I am pretty sure, that on most systems you can block those channels from the UI so you don't even see them. But really, why do you care what is on stations you don't watch? They don't cost you anything, more importantly, they subsidize your cable so you don't have to pay as much. You should be grateful they exist, and that you don't have to watch.


macrumors 6502
Jun 11, 2012
There's 2 examples. Apple likes it's profits too. It likes very fat margins. Do we really think that Apple would spend the HUGE money to fiber wire the nation(s) and then sell us al-a-carte at $5-$10-$20/month? Why would they do that? Everything we see from Apple revolves around serving up a premium experience for a premium price. How do we go from them wiring the nation(s) to the dream of dirt cheap programming?
Thanks for the response. I heard somewhere that the average cable subscriber pays something like $130-$300 a month for service. And I agree that there's no chance an ala-cart $30/mo tv/internet/cloud service would work, but it doesn't have to. The tv market is so ripe for change its rotting on the ground. I'm pretty sure that people will pay a lot for an improved experience. We're almost as addicted to tech as we are cars, at some point you can put a high value on tech services. (I have friends who are broke and unemployed, and the first thing they do when the lose/break their iphone, is go and buy another one.)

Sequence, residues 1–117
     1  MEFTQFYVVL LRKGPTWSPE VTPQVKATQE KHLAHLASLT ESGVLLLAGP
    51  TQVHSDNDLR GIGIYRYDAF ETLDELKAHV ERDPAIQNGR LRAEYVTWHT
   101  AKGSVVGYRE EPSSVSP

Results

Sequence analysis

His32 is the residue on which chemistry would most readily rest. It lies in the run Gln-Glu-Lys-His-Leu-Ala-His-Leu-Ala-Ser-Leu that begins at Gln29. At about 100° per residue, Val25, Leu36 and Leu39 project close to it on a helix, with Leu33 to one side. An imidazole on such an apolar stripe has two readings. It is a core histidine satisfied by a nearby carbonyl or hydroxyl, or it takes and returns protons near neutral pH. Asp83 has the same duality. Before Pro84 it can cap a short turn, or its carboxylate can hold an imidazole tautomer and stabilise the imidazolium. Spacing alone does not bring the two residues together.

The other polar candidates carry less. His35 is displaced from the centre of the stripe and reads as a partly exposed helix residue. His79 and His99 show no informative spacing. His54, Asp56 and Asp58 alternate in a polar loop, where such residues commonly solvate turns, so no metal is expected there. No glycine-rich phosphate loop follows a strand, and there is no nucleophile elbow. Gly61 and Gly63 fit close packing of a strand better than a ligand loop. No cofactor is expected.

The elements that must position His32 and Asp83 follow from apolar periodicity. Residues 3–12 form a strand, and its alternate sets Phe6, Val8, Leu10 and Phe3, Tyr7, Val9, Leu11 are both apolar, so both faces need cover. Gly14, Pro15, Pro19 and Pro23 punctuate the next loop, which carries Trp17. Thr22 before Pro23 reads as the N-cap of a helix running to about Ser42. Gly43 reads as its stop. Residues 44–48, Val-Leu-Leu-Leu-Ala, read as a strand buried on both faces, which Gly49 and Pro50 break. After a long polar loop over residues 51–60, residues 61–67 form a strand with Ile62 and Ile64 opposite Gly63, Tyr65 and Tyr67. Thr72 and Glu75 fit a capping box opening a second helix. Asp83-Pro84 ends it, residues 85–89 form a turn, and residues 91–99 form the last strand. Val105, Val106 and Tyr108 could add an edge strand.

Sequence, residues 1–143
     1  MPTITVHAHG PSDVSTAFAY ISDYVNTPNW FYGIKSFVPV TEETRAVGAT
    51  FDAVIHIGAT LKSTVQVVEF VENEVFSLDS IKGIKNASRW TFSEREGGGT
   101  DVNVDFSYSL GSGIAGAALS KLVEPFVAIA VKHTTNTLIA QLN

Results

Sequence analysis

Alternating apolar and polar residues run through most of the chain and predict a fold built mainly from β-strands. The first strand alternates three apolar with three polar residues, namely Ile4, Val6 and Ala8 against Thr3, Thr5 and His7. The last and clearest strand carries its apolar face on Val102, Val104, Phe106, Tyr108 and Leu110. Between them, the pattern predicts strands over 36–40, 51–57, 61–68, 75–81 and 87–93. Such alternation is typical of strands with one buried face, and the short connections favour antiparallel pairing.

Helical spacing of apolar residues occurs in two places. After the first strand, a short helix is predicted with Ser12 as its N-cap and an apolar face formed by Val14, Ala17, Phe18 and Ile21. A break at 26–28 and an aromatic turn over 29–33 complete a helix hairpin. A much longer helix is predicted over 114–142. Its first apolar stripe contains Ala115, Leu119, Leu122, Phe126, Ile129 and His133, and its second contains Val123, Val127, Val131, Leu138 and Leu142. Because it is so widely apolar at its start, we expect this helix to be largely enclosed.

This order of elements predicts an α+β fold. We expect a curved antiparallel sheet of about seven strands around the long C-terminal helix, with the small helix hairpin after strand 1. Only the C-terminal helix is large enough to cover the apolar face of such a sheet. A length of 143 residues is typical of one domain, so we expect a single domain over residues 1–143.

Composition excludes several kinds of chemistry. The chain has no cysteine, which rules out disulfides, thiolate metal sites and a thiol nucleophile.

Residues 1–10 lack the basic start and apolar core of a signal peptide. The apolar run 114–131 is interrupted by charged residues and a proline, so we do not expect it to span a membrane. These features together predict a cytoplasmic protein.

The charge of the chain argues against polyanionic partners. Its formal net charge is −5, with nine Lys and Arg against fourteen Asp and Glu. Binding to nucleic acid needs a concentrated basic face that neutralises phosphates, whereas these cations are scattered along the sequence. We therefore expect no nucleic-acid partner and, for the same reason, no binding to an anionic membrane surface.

It would be a long term play, but it is going to happen in our lifetime. Perhaps there will be some government subsidy.

Tim is an efficiency and labor expert. If anyone could accomplish the task it'd be him.

I don't see a seamless pleasurable tv experience happening without faster internet.

This article is interesting:
osaga, your smart reply is probably lost on many here. Note how many posts are missing the concept that a major change to the "as is" will involve more- not less- expense from us consumers. Instead, most of the dreamers think that there is some kind of huge discount available if they could just buy only the channels they want, ignoring that all those other channels wouldn't exist if the ad revenue wasn't there from the commercials we never have to watch.

That ad revenue subsidizes our cost. Kill off the channels we never watch and we kill of that subsidy. Stop flowing the money to the studios that make the stuff we do want to watch and the stuff we want to watch can't be made.

Instead of seeing 190 channels "I never watch" as forced upon us, we should see them as "bonus" channels that help subsidize the cost of the small number of channels we do watch. And if we would prefer to only see the channels we like in our on-screen guides, set up a favs list of only those channels. That's al-a-carte without killing the golden goose (which with other people subsidizing our programming is not just golden for the cable companies).


macrumors 6502
May 23, 2012